Go Kick Rocks Daniel Tiger

danieltigerDaniel Tiger’s Neighborhood is a PBS kid’s show that takes our beloved childhood memories of Mr. Roger’s Neighborhood and gives them the full Michael Bay treatment - If you aren’t sure what that means go watch the aboniminable Teenage Mutant Ninja Turtles, or any of the Transformers movies; Bay is basically the Terminator of sacred childhood memories. Anyways, Daniel Tiger is a pretty accurate representation of the modern day child: selfish, whiny, and needs everything explained in full detail before they’ll even consider going along with it. While this doesn’t automatically put the show on the do not watch list, its advice for how kids should deal with being told “no” does.

In one of the episodes Daniel Tiger is upset with his mom for telling him no and not letting him get his way. But instead of teaching Daniel to respect authority or that selfishness and ingratitude are vices, they sing a song about how to throw a tantrum when you don’t get your way. Their brilliant advice is simple, just stomp three times and you’ll feel better! Here’s the chorus of the song Stomp Three Times:



When you don't get what you want 

Just stomp three times (stomp three times)

Then you'll feel so much better

Stomp three times and you'll feel fine

              But this is not good parenting, as it’s teaching children to throw a mini-tantrum instead of a full-fledged tantrum when they don’t get their way. Instead of teaching them why they need to obey authority, why rebellion is sin, and why sin is wrong, they are being taught how to rebel in a less scene-causing manner. The focus is on the external behavior of the child instead of the condition of their heart – something Jesus spent a lot of time criticizing the religious leaders of His day for. As one of my favorite authors on parenting puts it, “A change in behavior that does not stem from a change in heart is not commendable; it is condemnable.”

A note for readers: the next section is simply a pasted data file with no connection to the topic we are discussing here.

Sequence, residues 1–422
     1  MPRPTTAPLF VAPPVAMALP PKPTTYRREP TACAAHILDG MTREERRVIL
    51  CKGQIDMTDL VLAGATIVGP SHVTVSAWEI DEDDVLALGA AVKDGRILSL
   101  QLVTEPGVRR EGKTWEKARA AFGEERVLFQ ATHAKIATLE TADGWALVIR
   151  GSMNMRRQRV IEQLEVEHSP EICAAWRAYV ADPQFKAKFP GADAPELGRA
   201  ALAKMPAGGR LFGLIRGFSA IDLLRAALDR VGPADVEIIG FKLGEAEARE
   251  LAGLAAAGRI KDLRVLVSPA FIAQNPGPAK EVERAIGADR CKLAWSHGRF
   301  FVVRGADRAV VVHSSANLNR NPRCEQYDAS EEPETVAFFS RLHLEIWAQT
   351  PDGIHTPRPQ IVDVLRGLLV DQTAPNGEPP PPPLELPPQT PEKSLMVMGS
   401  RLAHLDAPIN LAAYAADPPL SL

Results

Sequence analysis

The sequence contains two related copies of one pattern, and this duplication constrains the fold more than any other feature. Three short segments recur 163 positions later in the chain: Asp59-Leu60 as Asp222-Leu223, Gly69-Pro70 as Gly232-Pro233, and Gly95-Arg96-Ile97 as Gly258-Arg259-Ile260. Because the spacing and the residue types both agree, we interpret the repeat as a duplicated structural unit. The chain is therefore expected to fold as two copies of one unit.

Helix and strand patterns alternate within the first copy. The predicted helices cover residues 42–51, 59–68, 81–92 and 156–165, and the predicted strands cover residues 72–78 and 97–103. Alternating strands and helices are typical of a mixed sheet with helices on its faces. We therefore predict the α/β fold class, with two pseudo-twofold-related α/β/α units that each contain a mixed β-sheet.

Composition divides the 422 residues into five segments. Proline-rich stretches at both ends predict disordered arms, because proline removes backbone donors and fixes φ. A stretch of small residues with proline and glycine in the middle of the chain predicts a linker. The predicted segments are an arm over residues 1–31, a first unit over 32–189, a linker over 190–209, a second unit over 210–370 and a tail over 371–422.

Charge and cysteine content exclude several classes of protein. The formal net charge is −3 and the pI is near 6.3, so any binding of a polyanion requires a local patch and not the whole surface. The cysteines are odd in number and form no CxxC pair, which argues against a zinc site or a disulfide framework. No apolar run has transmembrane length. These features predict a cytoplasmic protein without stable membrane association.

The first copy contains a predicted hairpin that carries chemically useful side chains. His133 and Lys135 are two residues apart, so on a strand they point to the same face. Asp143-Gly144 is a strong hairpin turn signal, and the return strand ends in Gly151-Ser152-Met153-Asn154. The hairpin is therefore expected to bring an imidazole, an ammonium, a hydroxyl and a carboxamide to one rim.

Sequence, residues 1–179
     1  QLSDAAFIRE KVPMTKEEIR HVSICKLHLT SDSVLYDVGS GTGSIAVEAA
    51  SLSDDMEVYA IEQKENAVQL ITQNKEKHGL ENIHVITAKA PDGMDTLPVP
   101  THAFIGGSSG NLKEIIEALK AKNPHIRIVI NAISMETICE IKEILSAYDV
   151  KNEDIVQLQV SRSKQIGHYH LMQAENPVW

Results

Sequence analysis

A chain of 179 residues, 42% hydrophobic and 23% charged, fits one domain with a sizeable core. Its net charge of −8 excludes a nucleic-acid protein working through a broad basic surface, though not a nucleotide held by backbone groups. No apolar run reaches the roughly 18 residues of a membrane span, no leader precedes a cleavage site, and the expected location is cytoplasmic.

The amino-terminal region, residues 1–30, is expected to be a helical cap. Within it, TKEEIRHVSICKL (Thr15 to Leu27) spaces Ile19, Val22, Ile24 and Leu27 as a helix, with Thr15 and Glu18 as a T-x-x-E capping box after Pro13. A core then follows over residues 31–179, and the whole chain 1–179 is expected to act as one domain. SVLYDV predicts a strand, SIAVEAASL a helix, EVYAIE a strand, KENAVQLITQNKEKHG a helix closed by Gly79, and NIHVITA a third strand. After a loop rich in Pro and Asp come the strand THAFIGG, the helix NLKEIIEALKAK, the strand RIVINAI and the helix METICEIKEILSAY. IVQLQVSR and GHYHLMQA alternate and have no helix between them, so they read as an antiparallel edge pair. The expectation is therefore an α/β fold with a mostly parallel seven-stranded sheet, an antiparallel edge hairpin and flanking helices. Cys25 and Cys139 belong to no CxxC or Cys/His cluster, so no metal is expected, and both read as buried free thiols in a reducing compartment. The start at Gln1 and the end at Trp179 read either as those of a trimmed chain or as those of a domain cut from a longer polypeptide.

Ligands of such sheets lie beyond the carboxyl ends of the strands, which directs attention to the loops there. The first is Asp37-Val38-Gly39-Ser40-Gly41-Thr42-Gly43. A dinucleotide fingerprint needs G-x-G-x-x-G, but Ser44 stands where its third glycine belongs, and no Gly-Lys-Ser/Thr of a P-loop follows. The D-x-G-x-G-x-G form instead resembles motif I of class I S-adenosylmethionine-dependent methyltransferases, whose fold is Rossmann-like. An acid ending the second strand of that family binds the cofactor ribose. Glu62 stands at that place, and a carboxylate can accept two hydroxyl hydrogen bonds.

Why does my three-year old daughter need to obey us? One popular answer is, “Because we are the parents.” But why does that matter? That argument never did much for me when I was in my rebellious teenage years. Why does having the title of parent suddenly make someone an authority figure that should be respected and obeyed? Another common one is, “because you live under our roof?” OK, that one is a little more powerful, but let’s be real here, we aren’t kicking our three-year old out onto the street no matter how rebellious she gets and neither will any other parents. So for everyone who isn’t a psychopath this is a pretty empty threat. Another one is, “Because I told you so.” Now this is just stating the obvious. “Yes mom, I have hearing and memory faculties that work. The issue is over why I should give a hoot about what you said, not whether or not I comprehended the instructions.” All of these responses fail to address the key issue - who is the authority and where does authority come from?  

The only way to establish parental authority is in God’s existence - anything else relies on logical fallacies. When it comes to parenting everything we do ought to show our children who God is and what He is like. So when my three-year-old daughter complains, argues, or throws a tantrum, we look at Philippians 2:14, “Do everything without grumbling or arguing.” But still, why should she obey her parents and do everything without grumbling or arguing? Why not just stomp her feet three times like Daniel Tiger to let some steam off? The answer is because God is the ultimate authority and He has delegated His authority to Dad and Mom. So by rebelling against parental authority they are actually rebelling against God Himself.